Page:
Aluminum is Replacing Plastic at the Super Bowl

January 31, 2020

Plastic containers are the go-to when drinking beer and liquor at the Super Bowl. This past weekend, at Super Bowl LVI, however, fifty thousand plastic cups were replaced by aluminum ones instead. As the Hard Rock Stadium tries to go green, the question of whether or not the switch to aluminum has significant benefits arises.

Matthew Noel for Centerplate

Just like plastic, aluminum can be recycled, but the comparison is not as simple as that. One of the most commonly recycled plastic products is the plastic water bottle. Rarely, however, do recycled water bottles get remade into new water bottles; instead, they get down-cycled. Since bottles like the ones that usually contain carbonated drinks are made of layers of different polymers, it's difficult to separate the varying materials. As a result, they usually get converted into items such as fibers for a pillow or a garbage bin. Eventually, these products end up in the trash and simply contribute to the process of delaying the inevitable fate of plastic. 

This is where aluminum comes in. Unlike plastic, aluminum isn't considered as much of a dead-end waste stream. A recycled aluminum can has the opportunity to contribute to 70% of the makeup of a new aluminum can. The trend of using aluminum for beverage containers comes from increasing coverage of plastic pollution, especially in oceans. On a surface level, using and recycling aluminum seems to solve the problem of endangering aquatic ecosystems and seeing animals stuffed with plastic waste, but this "solution" brings along many complexities as well.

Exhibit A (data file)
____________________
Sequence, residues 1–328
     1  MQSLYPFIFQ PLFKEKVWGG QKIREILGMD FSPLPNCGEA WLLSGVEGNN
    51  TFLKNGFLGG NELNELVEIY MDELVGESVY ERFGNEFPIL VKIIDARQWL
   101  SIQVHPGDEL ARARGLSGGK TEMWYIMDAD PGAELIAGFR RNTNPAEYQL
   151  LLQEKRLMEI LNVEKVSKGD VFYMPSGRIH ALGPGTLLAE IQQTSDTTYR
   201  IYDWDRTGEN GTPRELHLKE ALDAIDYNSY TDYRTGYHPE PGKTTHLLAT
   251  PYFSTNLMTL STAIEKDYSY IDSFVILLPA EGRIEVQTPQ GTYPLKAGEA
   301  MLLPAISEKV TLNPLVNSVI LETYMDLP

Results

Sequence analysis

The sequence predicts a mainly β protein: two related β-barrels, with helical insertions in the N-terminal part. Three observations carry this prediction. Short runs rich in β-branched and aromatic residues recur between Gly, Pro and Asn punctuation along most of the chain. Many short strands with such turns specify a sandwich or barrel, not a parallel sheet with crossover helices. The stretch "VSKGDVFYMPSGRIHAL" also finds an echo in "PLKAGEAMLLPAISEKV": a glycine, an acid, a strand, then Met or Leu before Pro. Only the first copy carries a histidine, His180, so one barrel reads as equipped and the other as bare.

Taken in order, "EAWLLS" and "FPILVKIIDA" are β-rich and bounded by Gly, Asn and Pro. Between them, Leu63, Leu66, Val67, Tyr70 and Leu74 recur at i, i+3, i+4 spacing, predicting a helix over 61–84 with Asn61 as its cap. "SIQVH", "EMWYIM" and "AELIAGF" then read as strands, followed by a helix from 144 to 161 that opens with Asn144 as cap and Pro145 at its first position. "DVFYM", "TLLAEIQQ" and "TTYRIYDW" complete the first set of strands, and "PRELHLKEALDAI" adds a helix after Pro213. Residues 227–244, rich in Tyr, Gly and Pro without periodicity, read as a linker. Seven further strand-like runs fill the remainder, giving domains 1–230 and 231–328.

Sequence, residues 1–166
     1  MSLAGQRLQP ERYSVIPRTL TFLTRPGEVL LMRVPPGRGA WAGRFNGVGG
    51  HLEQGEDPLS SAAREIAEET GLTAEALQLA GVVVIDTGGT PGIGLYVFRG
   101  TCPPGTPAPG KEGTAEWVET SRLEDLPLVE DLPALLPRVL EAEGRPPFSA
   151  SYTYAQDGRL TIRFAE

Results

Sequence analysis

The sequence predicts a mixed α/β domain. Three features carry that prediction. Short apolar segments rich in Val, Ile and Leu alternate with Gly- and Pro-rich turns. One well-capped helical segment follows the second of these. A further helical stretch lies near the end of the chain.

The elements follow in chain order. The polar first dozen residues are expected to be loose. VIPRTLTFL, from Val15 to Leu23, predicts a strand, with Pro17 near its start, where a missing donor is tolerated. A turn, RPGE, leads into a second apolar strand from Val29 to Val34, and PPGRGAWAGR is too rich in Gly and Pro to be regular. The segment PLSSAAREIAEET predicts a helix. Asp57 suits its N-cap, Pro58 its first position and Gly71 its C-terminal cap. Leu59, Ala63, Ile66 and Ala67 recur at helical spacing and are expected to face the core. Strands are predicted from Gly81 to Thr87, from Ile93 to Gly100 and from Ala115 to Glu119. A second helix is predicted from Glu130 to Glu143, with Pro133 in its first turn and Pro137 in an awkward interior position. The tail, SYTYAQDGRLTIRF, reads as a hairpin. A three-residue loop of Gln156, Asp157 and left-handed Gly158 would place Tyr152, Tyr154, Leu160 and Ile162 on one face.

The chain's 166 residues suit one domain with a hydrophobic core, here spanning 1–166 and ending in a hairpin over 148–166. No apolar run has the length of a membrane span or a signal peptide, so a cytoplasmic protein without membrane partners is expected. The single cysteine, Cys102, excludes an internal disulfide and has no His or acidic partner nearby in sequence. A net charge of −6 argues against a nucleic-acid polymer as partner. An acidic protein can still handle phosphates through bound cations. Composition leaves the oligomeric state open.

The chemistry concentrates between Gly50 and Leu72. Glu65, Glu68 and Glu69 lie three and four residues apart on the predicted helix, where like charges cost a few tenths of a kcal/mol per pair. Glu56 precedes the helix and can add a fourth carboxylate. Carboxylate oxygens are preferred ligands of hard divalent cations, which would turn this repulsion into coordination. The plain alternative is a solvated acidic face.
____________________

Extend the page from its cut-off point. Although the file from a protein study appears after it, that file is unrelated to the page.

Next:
"Aluminum is trending for beverage containers as a way to stop plastic pollution from clogging up oceans."

Making virgin aluminum requires around twice the amount of energy as making virgin plastic. With this also comes the process of mining aluminum and monitoring the toxic red sludge that serves as a byproduct of aluminum extraction. In addition, manufacturing aluminum also releases potent greenhouse gases called perfluorocarbons. However, recycling aluminum can save up 90% of the energy it took to make it. That's why it's crucial to focus on recycling aluminum rather than making it, as the benefits of the former can be a great step in moving toward a more sustainable consumer culture.

In the end, it remains difficult to untangle the complexities of the plastic-aluminum battle in the sustainability market. There is always the possibility of creating one problem through solving another, as the process for both making and recycling the two materials differ so much. Nonetheless, this change in behavior in both consumers and large corporations due to environmental awareness can serve as a great leap toward changing the global mentality toward sustainability.